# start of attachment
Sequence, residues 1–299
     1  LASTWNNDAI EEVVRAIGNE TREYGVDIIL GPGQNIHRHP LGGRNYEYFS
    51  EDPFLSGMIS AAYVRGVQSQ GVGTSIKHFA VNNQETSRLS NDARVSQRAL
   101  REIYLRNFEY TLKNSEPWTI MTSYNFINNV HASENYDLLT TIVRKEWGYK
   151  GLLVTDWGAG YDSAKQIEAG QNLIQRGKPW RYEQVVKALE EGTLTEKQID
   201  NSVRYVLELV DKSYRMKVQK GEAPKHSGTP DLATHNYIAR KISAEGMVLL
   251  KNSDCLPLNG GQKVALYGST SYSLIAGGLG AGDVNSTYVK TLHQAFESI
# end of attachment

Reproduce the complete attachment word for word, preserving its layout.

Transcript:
Sequence, residues 1–299
     1  LASTWNNDAI EEVVRAIGNE TREYGVDIIL GPGQNIHRHP LGGRNYEYFS
    51  EDPFLSGMIS AAYVRGVQSQ GVGTSIKHFA VNNQETSRLS NDARVSQRAL
   101  REIYLRNFEY TLKNSEPWTI MTSYNFINNV HASENYDLLT TIVRKEWGYK
   151  GLLVTDWGAG YDSAKQIEAG QNLIQRGKPW RYEQVVKALE EGTLTEKQID
   201  NSVRYVLELV DKSYRMKVQK GEAPKHSGTP DLATHNYIAR KISAEGMVLL
   251  KNSDCLPLNG GQKVALYGST SYSLIAGGLG AGDVNSTYVK TLHQAFESI